One welcome difference is that The X Factor is a tiny bit less sadistic. Instead of the Annual Idol Parade of Lost Souls, we get a nice montage of talented singers: handsome Terrell, brassy Ellona, and apple-cheeked John, who shows you what it would look like if Archie sang “Forget You.” John seems to have brought 75 sign-bearing young women with him. There are just so many people everywhere. It’s very noisy, this show.
And then there’s a man named Siameze, who looks startlingly like Deborah Cox. He sings an original song that I have titled “Several Minutes of Yelling,” he dances like a very new drag queen doing Tina Turner, and he dresses like he’s manning a booth at the Erotic Expo. During his performance, he does a series of violent splits, just to let you know he means business. It’s like his performance coach told him: “This is 2011, Siameze. How can we take you seriously unless you slam your perineum against the floor a million times?” He makes it through. The X Factor may be too nice.
That’s why it’s heartbreaking when the first people to genuinely make asses of themselves are elderly Nevadans Dan and Venita, whom you can actually see succumb to dementia right in the middle of “Unchained Melody.” After their (still pretty gentle, comparatively speaking) rejection, they walk into a giant X Factor box backstage for their exit interview, during which they are bathed in a blinding white light. No matter who goes in there and talks to the camera, it looks like they are ascending to heaven, so it is maybe not the best idea to have the very old people do this first.
On the loser tip, “I Touch Myself” is ruined forever by Linda Ostrofsky, whom you have absolutely met if you’ve taken an introductory improv class. Somewhere in this world right this second, there is a Linda Ostrofsky playing Zip Zap Zop.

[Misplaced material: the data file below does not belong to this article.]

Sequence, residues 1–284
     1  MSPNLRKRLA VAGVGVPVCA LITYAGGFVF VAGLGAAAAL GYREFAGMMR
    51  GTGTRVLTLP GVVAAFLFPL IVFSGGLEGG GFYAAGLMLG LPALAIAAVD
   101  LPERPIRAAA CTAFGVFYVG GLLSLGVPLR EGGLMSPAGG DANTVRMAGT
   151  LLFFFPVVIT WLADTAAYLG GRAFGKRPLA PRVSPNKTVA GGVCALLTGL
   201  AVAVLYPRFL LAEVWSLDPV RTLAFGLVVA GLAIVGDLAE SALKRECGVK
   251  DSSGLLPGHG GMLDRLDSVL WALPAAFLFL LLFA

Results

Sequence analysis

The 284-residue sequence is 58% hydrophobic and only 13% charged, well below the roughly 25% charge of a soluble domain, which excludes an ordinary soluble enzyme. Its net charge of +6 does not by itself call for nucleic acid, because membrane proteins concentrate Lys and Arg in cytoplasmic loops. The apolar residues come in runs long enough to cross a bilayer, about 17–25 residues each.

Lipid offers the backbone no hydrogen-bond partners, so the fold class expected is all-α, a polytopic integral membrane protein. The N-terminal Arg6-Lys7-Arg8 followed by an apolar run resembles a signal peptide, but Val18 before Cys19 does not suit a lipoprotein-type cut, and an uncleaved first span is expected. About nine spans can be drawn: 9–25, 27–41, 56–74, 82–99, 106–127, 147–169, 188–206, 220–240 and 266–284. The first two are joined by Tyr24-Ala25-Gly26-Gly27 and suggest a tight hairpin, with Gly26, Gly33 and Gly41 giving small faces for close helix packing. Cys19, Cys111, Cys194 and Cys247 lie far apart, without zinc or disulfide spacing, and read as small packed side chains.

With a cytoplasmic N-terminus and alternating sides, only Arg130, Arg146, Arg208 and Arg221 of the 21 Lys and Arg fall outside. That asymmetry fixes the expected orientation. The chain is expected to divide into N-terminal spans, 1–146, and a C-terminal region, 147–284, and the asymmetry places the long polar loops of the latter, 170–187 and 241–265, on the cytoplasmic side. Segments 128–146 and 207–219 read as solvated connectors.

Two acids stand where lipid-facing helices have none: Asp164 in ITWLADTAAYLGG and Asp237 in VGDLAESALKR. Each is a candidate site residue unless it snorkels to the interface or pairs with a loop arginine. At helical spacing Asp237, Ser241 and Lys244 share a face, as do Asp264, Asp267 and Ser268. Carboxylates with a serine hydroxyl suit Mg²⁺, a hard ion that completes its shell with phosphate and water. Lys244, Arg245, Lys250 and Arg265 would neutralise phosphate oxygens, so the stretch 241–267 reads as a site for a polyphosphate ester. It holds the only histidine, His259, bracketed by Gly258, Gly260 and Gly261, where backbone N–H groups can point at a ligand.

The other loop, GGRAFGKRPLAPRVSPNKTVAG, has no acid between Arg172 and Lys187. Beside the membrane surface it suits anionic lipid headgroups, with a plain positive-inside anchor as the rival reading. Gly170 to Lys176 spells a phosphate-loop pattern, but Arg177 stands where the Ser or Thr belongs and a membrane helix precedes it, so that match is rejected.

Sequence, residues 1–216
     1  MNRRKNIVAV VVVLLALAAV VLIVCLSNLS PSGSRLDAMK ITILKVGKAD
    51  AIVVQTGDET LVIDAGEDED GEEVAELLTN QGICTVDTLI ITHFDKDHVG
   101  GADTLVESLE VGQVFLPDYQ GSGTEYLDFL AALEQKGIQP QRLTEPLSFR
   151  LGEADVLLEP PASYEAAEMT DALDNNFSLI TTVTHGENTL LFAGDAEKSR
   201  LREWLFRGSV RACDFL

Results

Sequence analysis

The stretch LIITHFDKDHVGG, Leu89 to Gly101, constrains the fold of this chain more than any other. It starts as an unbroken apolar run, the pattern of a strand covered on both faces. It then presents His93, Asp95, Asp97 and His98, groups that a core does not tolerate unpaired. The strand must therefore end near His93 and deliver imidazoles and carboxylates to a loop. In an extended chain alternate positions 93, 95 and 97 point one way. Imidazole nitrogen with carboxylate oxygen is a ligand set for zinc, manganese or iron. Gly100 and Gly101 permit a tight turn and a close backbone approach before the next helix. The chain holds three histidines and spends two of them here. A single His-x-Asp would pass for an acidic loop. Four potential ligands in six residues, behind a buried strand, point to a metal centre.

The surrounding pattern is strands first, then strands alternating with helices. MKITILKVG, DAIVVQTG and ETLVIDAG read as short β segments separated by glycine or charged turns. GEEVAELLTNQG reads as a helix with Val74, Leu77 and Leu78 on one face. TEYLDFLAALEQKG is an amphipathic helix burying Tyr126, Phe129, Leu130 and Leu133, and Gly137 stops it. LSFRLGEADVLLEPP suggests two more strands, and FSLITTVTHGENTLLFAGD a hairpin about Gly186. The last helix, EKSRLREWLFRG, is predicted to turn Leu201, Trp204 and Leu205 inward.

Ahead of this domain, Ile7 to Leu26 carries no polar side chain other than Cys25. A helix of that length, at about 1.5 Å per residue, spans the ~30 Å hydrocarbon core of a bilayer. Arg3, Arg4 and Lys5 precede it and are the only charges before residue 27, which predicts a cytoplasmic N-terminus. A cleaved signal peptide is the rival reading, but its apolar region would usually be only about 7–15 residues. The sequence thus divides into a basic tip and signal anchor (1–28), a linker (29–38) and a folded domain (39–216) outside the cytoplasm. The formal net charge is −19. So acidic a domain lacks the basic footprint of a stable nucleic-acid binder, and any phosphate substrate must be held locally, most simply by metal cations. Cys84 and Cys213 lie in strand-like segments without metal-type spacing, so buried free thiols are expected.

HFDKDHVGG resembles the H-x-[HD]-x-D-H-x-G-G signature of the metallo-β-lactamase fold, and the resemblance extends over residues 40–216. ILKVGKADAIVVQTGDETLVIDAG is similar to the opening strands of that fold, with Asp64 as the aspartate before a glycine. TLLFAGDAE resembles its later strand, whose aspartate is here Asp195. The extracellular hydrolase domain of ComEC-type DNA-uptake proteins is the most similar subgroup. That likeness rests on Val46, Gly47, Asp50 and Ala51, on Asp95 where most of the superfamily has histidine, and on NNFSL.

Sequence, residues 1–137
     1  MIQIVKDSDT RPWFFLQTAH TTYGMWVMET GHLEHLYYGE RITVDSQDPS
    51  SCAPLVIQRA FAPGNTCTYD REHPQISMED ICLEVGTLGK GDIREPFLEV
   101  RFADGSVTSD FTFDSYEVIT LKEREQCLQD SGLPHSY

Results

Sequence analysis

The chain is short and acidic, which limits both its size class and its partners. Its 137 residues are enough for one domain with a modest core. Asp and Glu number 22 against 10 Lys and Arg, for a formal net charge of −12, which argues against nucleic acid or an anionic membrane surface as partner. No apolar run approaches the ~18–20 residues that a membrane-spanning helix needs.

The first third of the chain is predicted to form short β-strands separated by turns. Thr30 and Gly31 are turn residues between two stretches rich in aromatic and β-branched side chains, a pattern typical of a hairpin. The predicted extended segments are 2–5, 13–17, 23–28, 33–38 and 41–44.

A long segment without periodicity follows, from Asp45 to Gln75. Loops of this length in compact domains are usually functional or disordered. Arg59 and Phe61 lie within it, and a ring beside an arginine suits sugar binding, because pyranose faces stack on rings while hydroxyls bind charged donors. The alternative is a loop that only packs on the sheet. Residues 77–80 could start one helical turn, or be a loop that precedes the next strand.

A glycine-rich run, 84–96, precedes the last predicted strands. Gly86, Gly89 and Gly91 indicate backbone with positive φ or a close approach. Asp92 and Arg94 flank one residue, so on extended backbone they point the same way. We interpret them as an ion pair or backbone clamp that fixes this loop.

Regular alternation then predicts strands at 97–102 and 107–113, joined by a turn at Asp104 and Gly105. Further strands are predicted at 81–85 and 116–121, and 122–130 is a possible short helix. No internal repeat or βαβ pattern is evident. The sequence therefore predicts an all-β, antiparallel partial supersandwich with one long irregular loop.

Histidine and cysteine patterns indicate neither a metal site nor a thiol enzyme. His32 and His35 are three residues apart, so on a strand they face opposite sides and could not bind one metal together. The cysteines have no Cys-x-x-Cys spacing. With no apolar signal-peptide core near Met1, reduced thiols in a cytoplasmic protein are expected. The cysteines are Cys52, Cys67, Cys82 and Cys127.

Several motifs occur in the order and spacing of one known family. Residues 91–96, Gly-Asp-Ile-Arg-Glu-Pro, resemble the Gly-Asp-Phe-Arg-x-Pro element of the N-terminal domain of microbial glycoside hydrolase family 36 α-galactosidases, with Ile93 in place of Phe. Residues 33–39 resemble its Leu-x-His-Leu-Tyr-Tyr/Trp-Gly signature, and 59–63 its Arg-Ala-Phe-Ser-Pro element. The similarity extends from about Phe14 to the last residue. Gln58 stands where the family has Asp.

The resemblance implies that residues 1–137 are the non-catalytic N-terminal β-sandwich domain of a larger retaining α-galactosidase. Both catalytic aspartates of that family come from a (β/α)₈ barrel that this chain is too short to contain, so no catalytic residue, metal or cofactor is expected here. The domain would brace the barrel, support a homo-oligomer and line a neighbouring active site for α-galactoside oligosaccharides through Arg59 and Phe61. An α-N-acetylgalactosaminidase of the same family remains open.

And then this happens: Forty-three-year-old “Internet blogger” Geo Godley sings his original composition “I’m a Stud” and removes his pants. The giant X the producers place over his genital region makes it look like he is nude from the waist down, but a quick crowd shot shows that if this is true, he is showing his penis to a roomful of children. So I’m thinking g-string. Sheathed or un-, the sight of his flopping dong sends Paula out of the theater, heaving. She is hustled into the men’s room, where in my fantasy version of events, she vomits, looks up, sees another penis, vomits again, and over and over. An endless, glittering, X-rated Moebius barf. Geo doesn’t make it through.
Back to the good ones. Forty-two-year-old Stacy Francis says, with a pathos that makes me miss All My Children already: “I don’t want to die with this music inside of me, Simon!” You know how old-timey wrestlers used to keep fake-blood capsules under their tongues and then bite down on them when the matches got hard-core, so it looked like they were bleeding out of their mouths? I think Stacy Francis is carrying fake-mascara capsules in her eyelids. She sings the shit out of “Natural Woman,” though, and moves on. On her way out, she gets a standing ovation and actually starts pushing mascara out from within her soul.
The good ones keep coming and keep making less of an impact. Marcus Canty is a charismatic young soul singer who doesn’t make me hate Stevie Wonder’s “I Wish.” The Anser is a gayish trio who do a not-bad version of “Rolling in the Deep.” Simone Battle bravely reveals that she is fierce. Two hours is too much. I would like to hear less music. Does this show have a health segment?
Right on time, our obvious plant shows up. Remember when Chris Wylde auditioned for American Idol under an assumed name a few seasons ago, and they just played it off like he hadn’t been in a bunch of movies and had his own talk show on Comedy Central? Wasn’t that weird? Niki Collins is one of those types. We are on to you, Niki Collins. Still, some awful singing is kind of refreshing.
Our night ends with Chris Rene, who has been in recovery from meth for 70 days. Oh dear God. He sings an original song about being in recovery for 70 days. It is nice. He gets through, but L.A. and Simon make him promise to stay clean. He leaves with his brother, and on the way out excitedly asks him, “Did you feel that feeling, bro? That feeling of almost passing out?” I do not want to dwell on this, but I have a bad, bad feeling about Chris Rene.
And that’s it! There will be two hours more of this tomorrow night somehow!